The Wage and Hour Division of the U.S. Department of Labor (DOL) released an administrator’s interpretation on July 15, 2015, containing their new guidance on how to identify someone as an independent contractor.
The new DOL independent contractor guidelines to determine a worker’s status could mean big changes for some businesses. Workers that are classified as independent contractors are filed with IRS Form 1099, do not receive overtime pay or benefits, and pay their own independent contractor taxes. Also, the employer does not withhold any taxes from the worker’s pay. Workers that are classified as employees are filed with Form W-2, can receive benefits and overtime pay, and have taxes withheld from their pay.
Independent contractor or employee?
Instead of the control test, an “economic realities” test should now be used to help employers determine if someone is an employee or an independent contractor. This new test is designed to help cut down on the number of misclassified workers. The economic realities test has six factors:
- Is the work performed an integral part of the employer’s business? If the worker provides services that the company also provides, they are most likely an employee.
- Does the worker have the opportunity for profit or loss depending on his or her managerial skill? A worker who can hire others or purchase supplies to increase their profit is most likely an independent contractor. If they can only increase profits by working overtime, they are probably an employee.
- How does the worker’s investment compare to the employer’s investment? If the worker is making investments and taking risks to support business outside of a single job, they are typically a contractor. If the employer’s investment is significantly greater than the worker’s investment, the worker is probably an employee dependent on the employer.
- Does the work performed require any special skills or initiative? If the worker needs any special business skills, judgement or initiative, they might be an independent contractor.
- How permanent is the relationship between employer and the worker? If someone works long-term or repeatedly for an employer, the worker might be an employee.
- How much control does the employer have over the worker? If the worker has significant control over meaningful aspects of the job, he or she is most likely a contractor.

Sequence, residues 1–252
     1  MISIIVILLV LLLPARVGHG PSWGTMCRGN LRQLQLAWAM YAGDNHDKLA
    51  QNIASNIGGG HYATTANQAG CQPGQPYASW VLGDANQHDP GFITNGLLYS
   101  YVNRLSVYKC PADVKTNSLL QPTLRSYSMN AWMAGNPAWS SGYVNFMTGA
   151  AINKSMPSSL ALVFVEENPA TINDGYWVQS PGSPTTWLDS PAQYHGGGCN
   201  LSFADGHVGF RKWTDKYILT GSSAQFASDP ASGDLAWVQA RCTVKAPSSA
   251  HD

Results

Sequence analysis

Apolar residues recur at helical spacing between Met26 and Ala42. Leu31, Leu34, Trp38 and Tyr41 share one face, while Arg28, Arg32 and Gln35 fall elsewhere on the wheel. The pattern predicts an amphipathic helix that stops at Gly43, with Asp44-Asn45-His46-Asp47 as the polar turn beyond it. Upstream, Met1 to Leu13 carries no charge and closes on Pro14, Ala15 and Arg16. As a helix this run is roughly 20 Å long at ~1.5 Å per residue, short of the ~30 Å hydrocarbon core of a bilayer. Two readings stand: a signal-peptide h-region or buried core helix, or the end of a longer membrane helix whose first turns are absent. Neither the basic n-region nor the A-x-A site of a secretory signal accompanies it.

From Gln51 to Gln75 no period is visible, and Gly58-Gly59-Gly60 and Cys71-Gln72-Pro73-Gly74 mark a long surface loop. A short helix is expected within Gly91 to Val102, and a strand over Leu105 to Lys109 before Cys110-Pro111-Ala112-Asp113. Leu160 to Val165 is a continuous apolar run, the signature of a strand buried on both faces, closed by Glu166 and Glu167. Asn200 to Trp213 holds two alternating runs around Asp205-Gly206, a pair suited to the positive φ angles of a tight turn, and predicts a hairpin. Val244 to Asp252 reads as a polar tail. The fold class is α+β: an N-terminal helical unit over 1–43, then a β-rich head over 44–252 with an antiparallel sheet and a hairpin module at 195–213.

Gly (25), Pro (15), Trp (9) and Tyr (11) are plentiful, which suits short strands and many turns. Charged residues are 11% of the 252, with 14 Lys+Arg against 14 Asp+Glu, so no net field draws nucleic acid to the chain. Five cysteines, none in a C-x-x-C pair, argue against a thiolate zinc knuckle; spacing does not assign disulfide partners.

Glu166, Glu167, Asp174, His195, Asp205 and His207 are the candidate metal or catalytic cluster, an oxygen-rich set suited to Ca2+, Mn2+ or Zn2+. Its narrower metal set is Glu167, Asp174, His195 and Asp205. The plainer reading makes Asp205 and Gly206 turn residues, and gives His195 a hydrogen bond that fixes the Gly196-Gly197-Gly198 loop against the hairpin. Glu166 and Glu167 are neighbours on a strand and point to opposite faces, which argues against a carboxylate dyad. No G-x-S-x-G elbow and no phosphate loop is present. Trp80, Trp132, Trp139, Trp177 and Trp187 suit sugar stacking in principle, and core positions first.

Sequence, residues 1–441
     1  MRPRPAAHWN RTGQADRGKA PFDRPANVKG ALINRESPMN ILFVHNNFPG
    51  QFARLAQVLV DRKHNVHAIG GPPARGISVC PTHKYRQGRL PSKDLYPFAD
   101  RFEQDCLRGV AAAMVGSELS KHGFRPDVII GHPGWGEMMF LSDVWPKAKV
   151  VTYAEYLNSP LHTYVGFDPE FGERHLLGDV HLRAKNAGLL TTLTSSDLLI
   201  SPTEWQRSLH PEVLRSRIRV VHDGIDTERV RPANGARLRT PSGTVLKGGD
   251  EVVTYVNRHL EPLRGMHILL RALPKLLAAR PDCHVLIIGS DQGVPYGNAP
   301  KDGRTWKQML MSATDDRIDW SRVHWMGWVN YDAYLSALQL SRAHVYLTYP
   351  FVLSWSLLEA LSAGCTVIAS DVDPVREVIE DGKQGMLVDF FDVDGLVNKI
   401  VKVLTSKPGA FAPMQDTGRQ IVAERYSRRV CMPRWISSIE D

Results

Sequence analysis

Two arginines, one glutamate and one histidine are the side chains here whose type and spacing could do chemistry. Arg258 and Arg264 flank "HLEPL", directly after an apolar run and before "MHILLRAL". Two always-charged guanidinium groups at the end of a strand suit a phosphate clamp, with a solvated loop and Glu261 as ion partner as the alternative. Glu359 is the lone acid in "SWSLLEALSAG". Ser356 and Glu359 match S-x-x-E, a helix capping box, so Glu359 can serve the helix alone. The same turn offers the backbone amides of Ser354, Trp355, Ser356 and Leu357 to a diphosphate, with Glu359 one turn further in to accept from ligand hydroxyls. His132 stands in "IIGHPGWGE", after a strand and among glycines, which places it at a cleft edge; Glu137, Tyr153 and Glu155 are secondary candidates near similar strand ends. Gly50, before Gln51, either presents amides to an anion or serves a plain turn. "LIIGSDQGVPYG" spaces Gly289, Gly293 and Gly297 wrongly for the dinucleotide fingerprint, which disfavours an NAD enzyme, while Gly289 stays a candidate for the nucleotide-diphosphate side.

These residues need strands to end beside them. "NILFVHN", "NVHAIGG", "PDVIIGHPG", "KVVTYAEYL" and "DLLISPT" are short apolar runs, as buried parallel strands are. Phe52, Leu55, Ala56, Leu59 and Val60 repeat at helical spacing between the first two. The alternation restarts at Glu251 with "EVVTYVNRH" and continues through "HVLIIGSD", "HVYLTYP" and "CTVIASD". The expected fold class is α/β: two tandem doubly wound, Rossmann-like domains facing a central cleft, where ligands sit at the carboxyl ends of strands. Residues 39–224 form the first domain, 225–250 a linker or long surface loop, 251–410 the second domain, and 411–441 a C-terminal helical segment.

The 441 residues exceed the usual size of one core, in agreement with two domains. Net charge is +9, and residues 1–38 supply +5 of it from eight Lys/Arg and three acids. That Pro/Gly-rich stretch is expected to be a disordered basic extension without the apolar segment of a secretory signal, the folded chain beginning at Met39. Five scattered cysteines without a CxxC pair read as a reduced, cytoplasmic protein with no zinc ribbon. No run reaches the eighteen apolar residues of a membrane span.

When deciding someone’s employment status, employers should remember that no one factor can determine if someone is an independent contractor; all of the factors must be used and looked at together. The DOL is vague by not saying how many of the factors need to be met to classify a worker as an independent contractor, but they are strict if you classify a worker wrong.
Another important thing to consider is if the worker is in business for themselves. If the worker does not have their own business, they would most likely be W-2 employee.
For example, a cleaning company may have previously classified their workers as independent contractors by saying they had little control over how the cleaning was done. However, the workers are integral parts of the cleaning company, they have long term-relationships with the employer, and none of them rely on outside work or make investments in a personal business for an income. Under the new economic realities test, they would most likely be classified as W-2 employees.
Other things to consider when classifying an employee
Employers should keep documentation explaining how they determined someone to be an independent contractor. Things employers might want to include in this documentation are an analysis of the “economic realities” test, a description of the project the for which the worker was hired, and any communication with the worker. If the status of the worker is questioned later, the employer will have evidence of how they reached their decision.
If how to classify a worker is still unclear, either the worker or the employer can file IRS Form SS-8. By submitting this form, the IRS is asked to determine if the worker is an independent contractor vs. employee.
Misclassifying an employee can be serious. If someone is misclassified as an independent contractor, they will miss out on overtime pay and benefits. Federal, state and local governments also lose tax money. If it is discovered that someone was incorrectly identified as a contractor, the employer could owe back wages and back taxes.
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